• The worst thing about all of this misinformation is it creates an overwhelming feeling of anxiety for the patient. It removes their control over the situation. Along with therapist’s affect, the ideas of backs being misaligned, pelvis’ slipping in and out, and scary sounding problems contribute to pre-treatment anxiety, a negative factor in treatment outcomes (7).
  • It’s important for a patient to understand that most injuries run their course. Even the dreaded slipped disc. Don’t let your patient be that guy still complaining about his “slipped disc” 20 years later. Educate your patients on the normal course for their injury. Instead of telling them you can’t fix their disc, tell them most people with disc herniations on MRI’s are walking around pain-free (10).
  • In addition to healing, educate your chronic patients about their pain. The reason as to why symptoms persist past the acute to sub-acute stage and become chronic is unclear, but likely results from complex interactions between structural injury, physical impairments, and psychological and psychosocial factors (8). They need to appreciate the interplay of factors in order to work on their pain.

In closing

detail on handyman manual worker, toolsbelt and red drill in his handsTherapy is active medicine. You’re not a handyman. You have skills, not tools. Your patient’s consistency and accountability is crucial to their success. Help them achieve this. Teach them that they’re “fixing” themselves, and not vice versa. Check your ego at the door. Don’t take all the credit. You’re not a voodoo healer. Sometimes people just get better.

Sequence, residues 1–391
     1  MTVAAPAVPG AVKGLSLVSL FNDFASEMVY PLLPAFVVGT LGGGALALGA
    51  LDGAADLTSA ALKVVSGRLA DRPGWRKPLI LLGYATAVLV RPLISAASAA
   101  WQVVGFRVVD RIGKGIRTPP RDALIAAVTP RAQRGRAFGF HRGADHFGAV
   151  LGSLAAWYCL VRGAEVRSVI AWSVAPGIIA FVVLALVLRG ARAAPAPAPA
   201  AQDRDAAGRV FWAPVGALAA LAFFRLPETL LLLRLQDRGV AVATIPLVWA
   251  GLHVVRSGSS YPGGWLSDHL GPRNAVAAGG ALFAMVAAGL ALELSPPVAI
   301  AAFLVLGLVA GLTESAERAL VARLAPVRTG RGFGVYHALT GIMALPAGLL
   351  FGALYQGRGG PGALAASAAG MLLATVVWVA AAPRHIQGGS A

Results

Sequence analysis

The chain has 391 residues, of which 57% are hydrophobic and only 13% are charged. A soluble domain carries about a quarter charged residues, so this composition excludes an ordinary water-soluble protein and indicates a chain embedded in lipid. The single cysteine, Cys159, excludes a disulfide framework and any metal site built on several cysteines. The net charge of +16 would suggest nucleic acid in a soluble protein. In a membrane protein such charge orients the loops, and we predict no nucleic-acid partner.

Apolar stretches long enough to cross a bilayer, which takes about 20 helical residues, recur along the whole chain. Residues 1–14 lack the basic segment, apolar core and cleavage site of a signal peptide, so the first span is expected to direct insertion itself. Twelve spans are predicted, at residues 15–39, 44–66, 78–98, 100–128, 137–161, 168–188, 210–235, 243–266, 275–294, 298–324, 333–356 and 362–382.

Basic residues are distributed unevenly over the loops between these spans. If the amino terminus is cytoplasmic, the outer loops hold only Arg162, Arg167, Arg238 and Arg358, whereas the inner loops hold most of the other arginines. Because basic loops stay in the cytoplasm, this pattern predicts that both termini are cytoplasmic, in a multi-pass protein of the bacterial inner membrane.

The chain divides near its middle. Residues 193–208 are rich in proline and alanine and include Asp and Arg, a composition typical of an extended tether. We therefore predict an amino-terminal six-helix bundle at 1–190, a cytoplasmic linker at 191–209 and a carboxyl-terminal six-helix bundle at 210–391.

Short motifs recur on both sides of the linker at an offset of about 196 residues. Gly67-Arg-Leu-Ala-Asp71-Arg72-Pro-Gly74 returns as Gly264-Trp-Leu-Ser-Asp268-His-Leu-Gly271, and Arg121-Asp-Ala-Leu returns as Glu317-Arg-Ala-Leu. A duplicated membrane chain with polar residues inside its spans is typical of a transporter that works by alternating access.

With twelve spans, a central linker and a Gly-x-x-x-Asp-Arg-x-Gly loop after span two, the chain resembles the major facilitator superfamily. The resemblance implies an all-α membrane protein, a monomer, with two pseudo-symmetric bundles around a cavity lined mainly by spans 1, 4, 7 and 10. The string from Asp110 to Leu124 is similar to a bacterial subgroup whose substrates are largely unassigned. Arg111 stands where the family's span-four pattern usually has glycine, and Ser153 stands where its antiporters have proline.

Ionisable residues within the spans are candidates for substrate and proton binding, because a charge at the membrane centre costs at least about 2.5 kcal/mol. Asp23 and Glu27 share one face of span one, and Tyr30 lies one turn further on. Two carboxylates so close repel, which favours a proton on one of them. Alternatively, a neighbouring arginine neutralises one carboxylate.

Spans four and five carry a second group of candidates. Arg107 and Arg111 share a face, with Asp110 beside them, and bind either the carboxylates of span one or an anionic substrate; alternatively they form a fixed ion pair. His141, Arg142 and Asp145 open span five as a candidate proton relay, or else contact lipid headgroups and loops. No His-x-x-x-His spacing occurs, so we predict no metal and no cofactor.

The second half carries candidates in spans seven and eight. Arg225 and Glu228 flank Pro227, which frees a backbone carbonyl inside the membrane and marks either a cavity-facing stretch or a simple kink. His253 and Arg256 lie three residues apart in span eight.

1. Gambhir RP, Valenti D, Rashid H. Compliance with Physical Therapy is a Key Determinant of Success of Thoracic Outlet Surgical Decompression. J Am Coll Surg. 2015 Sep;221(3):778
  2. Ali N, May S. A Qualitative Study into Egyptian Patients’ Satisfaction with Physiotherapy Management of Low Back Pain. Physiother Res Int. 2015 Aug 27. [Epub ahead of print]
  3. Andersen LN, Juul-Kristensen B, Sorensen TL. Efficacy of Tailored Physical Activity or Chronic Pain Self-Management Programme on return to work for sick-listed citizens: A 3-month randomised controlled trial. Scand J Public Health. 2015 Jun 25. [Epub ahead of print]
  4. Faber M, Andersen MH, Sevel C. The majority are not performing home-exercises correctly two weeks after their initial instruction-an assessor-blinded study. PeerJ. 2015 Jul 21;3. eCollection 2015.
  5. Van Waart H, Van Harten WH, Buffart LM. Why do patients choose (not) to participate in an exercise trial during adjuvant chemotherapy for breast cancer? Psychooncology. 2015 Aug 17. [Epub ahead of print]
  6. Andersen LN, Juul-Kristensen B, Roessler KK. Efficacy of ‘Tailored Physical Activity’ on reducing sickness absence among healthcare workers: A 3-months randomised controlled trial. Man Ther. 2015 May 2. [Epub ahead of print]
  7. Healy GM, Finn DP, O’Gorman DA. Pretreatment anxiety and pain acceptance are associated with response to trigger point injection therapy for chronic myofascial pain. Pain Med. 2015 Aug 26. [Epub ahead of print]
  8. Campbell L, Kenardy J, Andersen T. Trauma-focused cognitive behaviour therapy and exercise for chronic whiplash: protocol of a randomised, controlled trial. J Physiother. 2015 Aug 26.[Epub ahead of print]
  9. Chaibi A, Šaltytė Benth J, Bjørn Russell M. Validation of Placebo in a Manual Therapy Randomized Controlled Trial. Sci Rep. 2015 Jul 6;5:11774.
  10. Boden SD. Abnormal magnetic-resonance scans of the lumbar spine in asymptomatic subjects. A prospective investigation. J Bone Joint Surg Am. 1990. 72(3): 403-408.